Waterstones heads into its critical next chapter
Cantillon: Bookseller plots expansion under new owners – and in Amazon’s shadow
Twist in the tale: Waterstones-owned Hodges Figgis on Dawson Street, Dublin. Photograph: Nick Bradshaw
A change of ownership can be relied upon to heighten tensions among both the staff of a business and anybody whose livelihood depends on it. The proposed sale of bookseller Waterstones to activist hedge fund Elliott Advisors certainly adheres to the rule. As acquisitions go, it is a proper page-turner.
On Thursday, when the deal was announced, the talk was of accelerated expansion plans. Waterstones currently has 283 bookshops, seven of them – including Dublin’s Hodges Figgis – in Ireland. Managing director James Daunt dismissed the idea that closures might be imminent as a result of the sale, saying the opposite was the case. The chain is “very much in expansion mode” and a new owner “with a certain amount of firepower” will allow it to grow further.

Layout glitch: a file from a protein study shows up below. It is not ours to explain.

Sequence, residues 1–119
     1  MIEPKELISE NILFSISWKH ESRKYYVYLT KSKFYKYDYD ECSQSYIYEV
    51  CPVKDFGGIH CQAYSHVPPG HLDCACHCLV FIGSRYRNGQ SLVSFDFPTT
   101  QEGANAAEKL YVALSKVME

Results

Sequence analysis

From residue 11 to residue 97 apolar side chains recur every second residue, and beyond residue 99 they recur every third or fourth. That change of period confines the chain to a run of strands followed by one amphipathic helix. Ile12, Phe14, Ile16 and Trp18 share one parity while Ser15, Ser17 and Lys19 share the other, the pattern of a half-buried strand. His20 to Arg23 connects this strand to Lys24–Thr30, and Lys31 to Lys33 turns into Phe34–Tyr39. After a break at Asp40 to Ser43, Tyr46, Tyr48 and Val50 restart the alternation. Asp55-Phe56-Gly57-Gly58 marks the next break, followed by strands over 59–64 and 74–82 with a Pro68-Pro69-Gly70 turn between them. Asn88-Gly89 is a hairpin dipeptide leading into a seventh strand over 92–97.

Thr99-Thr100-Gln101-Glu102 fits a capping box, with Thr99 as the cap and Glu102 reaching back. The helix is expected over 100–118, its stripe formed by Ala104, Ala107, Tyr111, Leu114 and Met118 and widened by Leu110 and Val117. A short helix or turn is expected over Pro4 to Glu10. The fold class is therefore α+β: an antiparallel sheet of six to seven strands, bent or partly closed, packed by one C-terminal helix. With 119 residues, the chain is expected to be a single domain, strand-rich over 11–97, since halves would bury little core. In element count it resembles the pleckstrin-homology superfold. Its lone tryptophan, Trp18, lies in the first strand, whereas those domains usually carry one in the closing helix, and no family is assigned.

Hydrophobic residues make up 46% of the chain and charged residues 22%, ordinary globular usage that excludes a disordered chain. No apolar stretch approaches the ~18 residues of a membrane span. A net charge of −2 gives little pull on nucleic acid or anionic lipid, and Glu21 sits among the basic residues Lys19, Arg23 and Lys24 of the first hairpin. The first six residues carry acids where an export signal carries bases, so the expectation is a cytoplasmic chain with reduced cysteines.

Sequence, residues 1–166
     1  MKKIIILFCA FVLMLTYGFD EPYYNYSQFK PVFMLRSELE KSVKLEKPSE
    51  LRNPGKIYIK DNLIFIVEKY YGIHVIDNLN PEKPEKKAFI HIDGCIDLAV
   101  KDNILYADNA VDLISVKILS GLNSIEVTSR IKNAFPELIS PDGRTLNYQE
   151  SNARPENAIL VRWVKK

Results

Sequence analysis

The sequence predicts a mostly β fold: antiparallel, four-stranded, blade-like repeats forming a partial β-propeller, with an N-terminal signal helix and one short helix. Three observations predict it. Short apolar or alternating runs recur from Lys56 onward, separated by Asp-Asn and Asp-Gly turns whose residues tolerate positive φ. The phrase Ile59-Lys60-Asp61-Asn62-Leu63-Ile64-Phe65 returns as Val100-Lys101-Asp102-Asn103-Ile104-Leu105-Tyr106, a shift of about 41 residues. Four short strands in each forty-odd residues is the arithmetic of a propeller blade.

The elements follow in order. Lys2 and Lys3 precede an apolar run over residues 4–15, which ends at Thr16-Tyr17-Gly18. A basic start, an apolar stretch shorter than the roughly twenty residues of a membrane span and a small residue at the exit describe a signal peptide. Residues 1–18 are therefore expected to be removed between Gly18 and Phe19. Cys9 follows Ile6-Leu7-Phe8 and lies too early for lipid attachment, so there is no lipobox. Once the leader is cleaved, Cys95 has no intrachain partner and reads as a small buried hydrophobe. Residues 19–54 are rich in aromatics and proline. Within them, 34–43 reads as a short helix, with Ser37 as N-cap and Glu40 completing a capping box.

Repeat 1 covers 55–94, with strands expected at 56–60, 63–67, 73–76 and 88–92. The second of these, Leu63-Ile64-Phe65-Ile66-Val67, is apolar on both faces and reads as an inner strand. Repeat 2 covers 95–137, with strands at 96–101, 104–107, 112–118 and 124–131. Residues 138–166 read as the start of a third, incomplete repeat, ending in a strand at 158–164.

Elliott Advisors is a unit of New York-based Elliott Management, which has more than $31 billion (€26 billion) in assets under management and is led by billionaire Paul Singer. The fact that such outfits don’t make business decisions based on their love of a good novel can be seen as a good sign for the financials behind physical book retailing. However, many in the book trade are reserving judgment.
Every book that changes hands over a physical counter does so in the shadow of Amazon. Recent years have seen some upward momentum for printed book sales, although the industry can seem overexposed to fads (such as the adult colouring-book craze) or a tiny number of runaway hits (hello “body coach” Joe Wicks of Lean in 15 fame). The feeling that the remaining book retail multiples are only ever one poor Christmas season away from an entire re-evaluation of their business strategy never quite goes away.
Waterstones itself has been here before. In 2011, the then owner of HMV Group closed 20 outlets, including the 24-year-old shop on Dublin’s Dawson Street, as part of a debt-triggered restructuring. The book chain’s sale to Russian oligarch Alexander Mamut nevertheless turned out to be a successful, life-extending move, in part because Mamut’s choice to run the business, the founder of London mini-chain Daunt Books, was so well-regarded by publishers.
That Daunt – the antithesis of a pile-them-high, flog-them-cheap merchant – will continue to run Waterstones under its next ownership suggests this story will have a happy ending. But don’t rule out any savage blows until the final page.